Automating Quser through PowerShell

Doctor Scripto

Dr Scripto

Summary: Using PowerShell to automate Quser to identify users to Logoff systems in Windows

Hey Doctor Scripto! I need to log a user off every computer they’re logged into. The problem is, I don’t know which ones. How can I discover which computers they’re logged into and then log them off?

That’s a most excellent question!  I know just the person who can answer that.   I was talking my good friend Dan Reist on this topic.   Dan is a Senior Consultant on Data Platforms here at Microsoft.   He actually ran into that same issue.

Dan, the room is yours today, take it away!

Thanks Doctor Scripto!

So my first thought to that is “Very carefully!”  Let’s simplify the question by looking at one specific computer.

First, let’s define the username and computer name we’re investigating.

Now, let’s use the quser (query user) command to get all the user sessions on the computer.

When we examine the contents of the $quserResult variable it contains a nicely formatted table

Cool, we can clearly see that the user randomnote1 is logged onto this computer. The problem is, this is just a string array. Not very easy to work with! However, it looks like the table is formatted with at least two spaces between each column. That should be easy to replace with some commas to make a CSV!

Now when we look at the contents of $quserRegex, we can see an array of comma separated values.

USERNAME,SESSIONNAME,ID,STATE,IDLE TIME,LOGON TIME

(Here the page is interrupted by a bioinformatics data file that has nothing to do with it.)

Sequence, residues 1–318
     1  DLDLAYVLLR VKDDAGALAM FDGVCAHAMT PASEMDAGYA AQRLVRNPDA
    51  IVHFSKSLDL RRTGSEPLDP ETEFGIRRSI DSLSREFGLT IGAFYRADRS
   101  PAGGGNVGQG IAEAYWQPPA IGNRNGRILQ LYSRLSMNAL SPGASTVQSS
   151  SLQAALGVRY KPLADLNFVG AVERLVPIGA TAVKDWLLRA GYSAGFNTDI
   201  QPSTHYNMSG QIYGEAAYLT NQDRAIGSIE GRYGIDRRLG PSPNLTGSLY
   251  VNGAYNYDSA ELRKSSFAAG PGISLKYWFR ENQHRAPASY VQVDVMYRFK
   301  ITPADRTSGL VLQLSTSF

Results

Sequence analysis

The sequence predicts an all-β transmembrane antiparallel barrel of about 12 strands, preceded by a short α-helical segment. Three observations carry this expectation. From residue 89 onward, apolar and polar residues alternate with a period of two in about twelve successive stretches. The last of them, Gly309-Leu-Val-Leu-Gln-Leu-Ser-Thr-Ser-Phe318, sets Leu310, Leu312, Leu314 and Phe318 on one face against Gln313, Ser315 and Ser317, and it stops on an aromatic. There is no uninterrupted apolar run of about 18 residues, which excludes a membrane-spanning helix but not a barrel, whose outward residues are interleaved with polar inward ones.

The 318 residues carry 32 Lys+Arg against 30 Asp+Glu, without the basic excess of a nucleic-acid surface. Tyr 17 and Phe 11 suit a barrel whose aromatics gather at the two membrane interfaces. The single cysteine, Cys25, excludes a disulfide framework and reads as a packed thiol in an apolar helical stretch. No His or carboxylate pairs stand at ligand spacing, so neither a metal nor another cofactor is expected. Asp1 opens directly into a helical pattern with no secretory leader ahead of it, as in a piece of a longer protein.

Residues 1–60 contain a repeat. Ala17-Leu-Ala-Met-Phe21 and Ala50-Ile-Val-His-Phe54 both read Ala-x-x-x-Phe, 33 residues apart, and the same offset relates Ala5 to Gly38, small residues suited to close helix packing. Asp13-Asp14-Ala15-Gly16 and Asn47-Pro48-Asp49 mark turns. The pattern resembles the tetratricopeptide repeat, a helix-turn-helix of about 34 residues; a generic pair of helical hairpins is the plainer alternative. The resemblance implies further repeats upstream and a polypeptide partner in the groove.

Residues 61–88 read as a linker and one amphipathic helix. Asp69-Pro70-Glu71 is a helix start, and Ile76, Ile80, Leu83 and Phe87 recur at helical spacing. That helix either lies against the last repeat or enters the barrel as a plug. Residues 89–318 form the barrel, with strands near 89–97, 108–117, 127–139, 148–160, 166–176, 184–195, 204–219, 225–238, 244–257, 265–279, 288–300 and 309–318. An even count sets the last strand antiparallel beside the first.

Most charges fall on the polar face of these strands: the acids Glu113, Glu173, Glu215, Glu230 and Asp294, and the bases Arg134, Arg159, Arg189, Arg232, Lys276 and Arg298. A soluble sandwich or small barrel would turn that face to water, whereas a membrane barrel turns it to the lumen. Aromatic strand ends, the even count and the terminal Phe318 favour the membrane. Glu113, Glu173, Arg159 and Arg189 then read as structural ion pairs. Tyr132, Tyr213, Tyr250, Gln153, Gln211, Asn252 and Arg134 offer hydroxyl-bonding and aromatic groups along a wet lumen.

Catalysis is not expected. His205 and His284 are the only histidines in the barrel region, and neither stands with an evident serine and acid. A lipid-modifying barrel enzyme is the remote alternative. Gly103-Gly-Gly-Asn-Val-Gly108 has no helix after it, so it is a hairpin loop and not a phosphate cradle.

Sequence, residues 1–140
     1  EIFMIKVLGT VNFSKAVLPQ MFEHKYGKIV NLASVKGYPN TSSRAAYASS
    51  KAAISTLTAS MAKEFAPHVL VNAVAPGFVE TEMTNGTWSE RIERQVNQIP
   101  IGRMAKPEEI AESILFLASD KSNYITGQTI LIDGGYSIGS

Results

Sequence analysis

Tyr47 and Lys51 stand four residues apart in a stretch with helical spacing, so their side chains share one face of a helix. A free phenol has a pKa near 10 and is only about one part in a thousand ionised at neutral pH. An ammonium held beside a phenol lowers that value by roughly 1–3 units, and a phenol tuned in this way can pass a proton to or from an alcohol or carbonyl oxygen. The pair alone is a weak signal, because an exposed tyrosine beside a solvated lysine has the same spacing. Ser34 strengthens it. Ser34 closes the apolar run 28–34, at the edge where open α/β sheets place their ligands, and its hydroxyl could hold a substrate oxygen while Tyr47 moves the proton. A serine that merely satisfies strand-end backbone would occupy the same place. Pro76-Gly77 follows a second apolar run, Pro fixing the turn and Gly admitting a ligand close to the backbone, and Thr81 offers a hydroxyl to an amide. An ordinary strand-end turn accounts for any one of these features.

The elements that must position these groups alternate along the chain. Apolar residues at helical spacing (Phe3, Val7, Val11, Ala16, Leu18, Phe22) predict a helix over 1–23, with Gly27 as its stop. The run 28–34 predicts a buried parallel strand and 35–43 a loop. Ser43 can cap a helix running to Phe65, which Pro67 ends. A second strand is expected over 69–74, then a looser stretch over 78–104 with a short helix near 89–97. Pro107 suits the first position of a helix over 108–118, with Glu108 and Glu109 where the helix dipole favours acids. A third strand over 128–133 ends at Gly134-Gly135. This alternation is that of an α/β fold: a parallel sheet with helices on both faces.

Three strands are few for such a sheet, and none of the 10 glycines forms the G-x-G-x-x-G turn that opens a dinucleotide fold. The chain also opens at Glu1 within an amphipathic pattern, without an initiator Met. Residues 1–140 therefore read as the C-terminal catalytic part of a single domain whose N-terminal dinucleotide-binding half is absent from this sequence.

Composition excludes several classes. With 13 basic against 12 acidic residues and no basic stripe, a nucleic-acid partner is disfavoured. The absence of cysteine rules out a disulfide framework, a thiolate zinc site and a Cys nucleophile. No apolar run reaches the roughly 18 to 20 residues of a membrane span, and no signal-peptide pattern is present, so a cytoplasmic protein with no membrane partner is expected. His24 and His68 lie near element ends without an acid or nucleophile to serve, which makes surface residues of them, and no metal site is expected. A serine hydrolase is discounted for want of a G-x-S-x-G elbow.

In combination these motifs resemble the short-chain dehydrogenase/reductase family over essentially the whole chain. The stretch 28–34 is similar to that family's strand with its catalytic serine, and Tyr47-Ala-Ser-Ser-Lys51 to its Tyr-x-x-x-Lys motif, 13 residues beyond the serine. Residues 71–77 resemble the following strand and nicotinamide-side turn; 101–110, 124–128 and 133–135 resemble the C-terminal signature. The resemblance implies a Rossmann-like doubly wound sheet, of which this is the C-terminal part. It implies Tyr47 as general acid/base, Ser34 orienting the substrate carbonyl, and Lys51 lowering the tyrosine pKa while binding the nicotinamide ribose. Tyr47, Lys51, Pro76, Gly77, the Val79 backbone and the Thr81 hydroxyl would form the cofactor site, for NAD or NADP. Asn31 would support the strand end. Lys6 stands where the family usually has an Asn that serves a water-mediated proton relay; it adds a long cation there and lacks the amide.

randomnote1,console,1,Active,none,8/14/2019 6:52 AM

Now we’re getting somewhere. Let’s use ConvertFrom-Csv to convert the CSV into a PowerShell object.

Look at the contents of $quserObject, we can see it now looks like a PowerShell object!

USERNAME SESSIONNAME ID STATE IDLE TIME LOGON TIME
————————————————————————–
randomnote1 console 1 Active none 8/14/2019 6:52 AM

Finally, we can extract the session id for the user we need to log off and log the user off the computer!

That’s all there is to it! Now you can operationalize it by performing these steps over an array of computers.

Thank you Dan!  That’s not only a cool trick but a beautiful example of using both legacy Console commands and PowerShell together to produce a new solution!

I invite you to follow me on Twitter and Facebook. If you have any questions, send email to me at scripter@microsoft.com, or post your questions on the Official Scripting Forum. See you tomorrow. Until then, peace.

Your good friend, Doctor Scripto

Doctor Scripto, Dan Reist, PowerShell

 

Doctor Scripto
Dr Scripto

Scripter, PowerShell, vbScript, BAT, CMD

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